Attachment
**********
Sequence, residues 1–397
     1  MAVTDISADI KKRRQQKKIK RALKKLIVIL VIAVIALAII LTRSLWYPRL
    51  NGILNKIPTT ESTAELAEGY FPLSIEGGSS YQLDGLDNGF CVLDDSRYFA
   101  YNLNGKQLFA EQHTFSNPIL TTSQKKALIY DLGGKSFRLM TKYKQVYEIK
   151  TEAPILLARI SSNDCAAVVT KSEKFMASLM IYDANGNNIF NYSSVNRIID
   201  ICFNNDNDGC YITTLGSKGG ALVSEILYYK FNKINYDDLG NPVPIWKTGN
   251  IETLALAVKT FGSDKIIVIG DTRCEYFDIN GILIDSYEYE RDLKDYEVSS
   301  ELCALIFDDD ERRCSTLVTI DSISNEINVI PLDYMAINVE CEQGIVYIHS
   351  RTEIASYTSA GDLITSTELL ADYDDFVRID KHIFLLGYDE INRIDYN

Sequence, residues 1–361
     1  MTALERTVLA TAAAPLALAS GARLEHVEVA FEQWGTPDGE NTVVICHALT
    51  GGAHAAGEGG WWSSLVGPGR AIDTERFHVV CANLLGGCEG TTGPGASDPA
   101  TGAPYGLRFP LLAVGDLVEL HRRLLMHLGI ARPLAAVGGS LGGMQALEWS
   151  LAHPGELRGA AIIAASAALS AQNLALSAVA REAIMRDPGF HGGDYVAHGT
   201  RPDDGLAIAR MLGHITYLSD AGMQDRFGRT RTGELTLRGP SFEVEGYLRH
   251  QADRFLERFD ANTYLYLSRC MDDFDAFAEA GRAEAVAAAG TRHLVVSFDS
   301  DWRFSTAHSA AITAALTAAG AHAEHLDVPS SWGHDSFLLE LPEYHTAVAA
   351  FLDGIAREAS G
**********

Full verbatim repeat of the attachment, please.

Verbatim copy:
Sequence, residues 1–397
     1  MAVTDISADI KKRRQQKKIK RALKKLIVIL VIAVIALAII LTRSLWYPRL
    51  NGILNKIPTT ESTAELAEGY FPLSIEGGSS YQLDGLDNGF CVLDDSRYFA
   101  YNLNGKQLFA EQHTFSNPIL TTSQKKALIY DLGGKSFRLM TKYKQVYEIK
   151  TEAPILLARI SSNDCAAVVT KSEKFMASLM IYDANGNNIF NYSSVNRIID
   201  ICFNNDNDGC YITTLGSKGG ALVSEILYYK FNKINYDDLG NPVPIWKTGN
   251  IETLALAVKT FGSDKIIVIG DTRCEYFDIN GILIDSYEYE RDLKDYEVSS
   301  ELCALIFDDD ERRCSTLVTI DSISNEINVI PLDYMAINVE CEQGIVYIHS
   351  RTEIASYTSA GDLITSTELL ADYDDFVRID KHIFLLGYDE INRIDYN

Sequence, residues 1–361
     1  MTALERTVLA TAAAPLALAS GARLEHVEVA FEQWGTPDGE NTVVICHALT
    51  GGAHAAGEGG WWSSLVGPGR AIDTERFHVV CANLLGGCEG TTGPGASDPA
   101  TGAPYGLRFP LLAVGDLVEL HRRLLMHLGI ARPLAAVGGS LGGMQALEWS
   151  LAHPGELRGA AIIAASAALS AQNLALSAVA REAIMRDPGF HGGDYVAHGT
   201  RPDDGLAIAR MLGHITYLSD AGMQDRFGRT RTGELTLRGP SFEVEGYLRH
   251  QADRFLERFD ANTYLYLSRC MDDFDAFAEA GRAEAVAAAG TRHLVVSFDS
   301  DWRFSTAHSA AITAALTAAG AHAEHLDVPS SWGHDSFLLE LPEYHTAVAA
   351  FLDGIAREAS G